When You’re Tripping, Treat Yourself Like a Child
Hello! Welcome to day 30 PSYJuly 🙂 Tomorrow we wrap up, but today, I’d like to talk about how drugs can make us like children, and what to do about it…
Drugs make us infantile
Drugs can make us childlike in many ways. How so? What are the upsides and downsides? And what does it mean in terms of how we approach taking them? I’m glad you asked.
Firstly, drugs can make us more open and playful. They can increase our sense of wonder, curiosity and awe. These effects have many positive implications, such as increasing feelings of enjoyment and appreciation. For the most part, this is a big reason why many drugs are so popular.
Drugs can also make us more sensitive, and emotionally vulnerable. This can be useful to process feelings and experience other ways of being. However, it can also become uncomfortable, and heightened emotions should generally be handled carefully.
Another way in which drugs make us childlike, is that they can make us incapable of many ordinarily straightforward tasks. This type of debilitating effect can range from slightly inhibiting our abilities, to turning us into full-on babbling babies.
It’s hard to do things when high
Being high makes us less, or even un, able to perform a variety of tasks. This includes verbalizing thoughts into a comprehensible form i.e. speaking coherently; or successfully coordinating the body and mind to utilize motor skills of varying complexity, from carrying a tray of drinks across the room, to playing a musical instrument.
Being high can also interfere with our ability to conduct rational, linear, logical thinking. This can have all kinds of complications depending on the context and what one is trying to do or achieve. Trying to organize and book travel, such as a journey which requires multiple changeovers and modes of transports, for example, would be an absolute nightmare whilst high (I’ve tried it, it was unbelievably confusing). Using any kind of technical equipment can also be especially difficult. Basically, performing any task which requires thinking about and coordinating more than one thing at a time will become more challenging.
Maintaining focus and holding attention on one specific thing can also be difficult. The mind wanders more freely when high, and while this is great for creative thinking, it also makes it very easy to forget or lose track of things.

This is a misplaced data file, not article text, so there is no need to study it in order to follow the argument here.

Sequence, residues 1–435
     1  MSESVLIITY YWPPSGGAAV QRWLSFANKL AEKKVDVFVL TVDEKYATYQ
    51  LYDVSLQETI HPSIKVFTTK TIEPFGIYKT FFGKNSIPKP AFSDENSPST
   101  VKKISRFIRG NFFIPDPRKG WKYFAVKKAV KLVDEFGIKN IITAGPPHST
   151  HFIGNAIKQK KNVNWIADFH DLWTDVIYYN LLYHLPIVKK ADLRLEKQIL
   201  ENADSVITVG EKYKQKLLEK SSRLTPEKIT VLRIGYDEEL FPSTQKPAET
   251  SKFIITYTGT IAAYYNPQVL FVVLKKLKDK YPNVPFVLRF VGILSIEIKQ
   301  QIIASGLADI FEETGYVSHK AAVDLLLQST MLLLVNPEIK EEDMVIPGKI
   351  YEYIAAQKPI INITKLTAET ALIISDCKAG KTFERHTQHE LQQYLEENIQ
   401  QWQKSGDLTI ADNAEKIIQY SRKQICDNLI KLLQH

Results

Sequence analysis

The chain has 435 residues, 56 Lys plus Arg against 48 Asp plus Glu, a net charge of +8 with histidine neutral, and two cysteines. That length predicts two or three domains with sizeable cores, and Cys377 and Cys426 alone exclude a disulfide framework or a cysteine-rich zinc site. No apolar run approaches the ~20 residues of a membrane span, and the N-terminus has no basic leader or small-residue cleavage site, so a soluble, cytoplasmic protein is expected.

Simply put, the most basic of tasks can become incredibly difficult, arduous, or just outright impossible.
Yes, we are like children, infants, or babies, when we’re high. There is even scientific research that shows a tripping brain is similar to a child’s.
“In many ways, the brain in the LSD state resembles the state our brains were in when we were infants: free and unconstrained”
– Robin Cahart-Harris |Reuters
How to treat our tripping selves
So, if our tripping selves are basically children, what does that mean about how we will approach a session? Well, children need parenting, and I’d say the best way to approach that role is in a loving and caring way. Whether we’re looking after ourselves, or tripsitting for someone else, this can mean a number of things.
When it comes to setting, this can mean childproofing the space and setting everything up to be as simple and straightforward as possible.
When it comes to sessions where more challenging emotions or content arise, it can mean being sensitive to the vulnerable states of that person.
For group sessions, or tripsitting, it can mean clearly stating things which may usually seem obvious. This might take the form of explicit agreements to remove doubts around safety and engender feelings of trust. Agreements can define boundaries and limits, and this can create a clearly defined container for the experience. This might include agreements to not: engage in any sexual or violent behaviour, leave the space or go outside, or commit to any future plans within the group.
Overall, it means being aware that people who are either tripping or very high, are not thinking or behaving like a normal, logical adult.
Even outside of psychedelic sessions, treating ourselves as children can quite often be a healthy way to relate to ourselves. Of course it won’t work for a lot of our day to day life, and could be patronising or even annoying, but aspects of the approach such as gentleness and patience can be very helpful in developing healthy relationships both with ourselves and others.
I have personally found the mantra of “I can always be kind to myself” to be one of the most useful phrases for self talk that I’ve picked up, and especially helpful in the context of psychedelic sessions. If you have any tendency to be hard or tough on yourself then I encourage you to experiment with this phrase, and call it to mind in moments of uncertainty and doubt. This includes the totality of yourself, so being kind to your future and past selves, too.
So, what are you waiting for? You can start right now…
How can you be kind to yourself? 🙂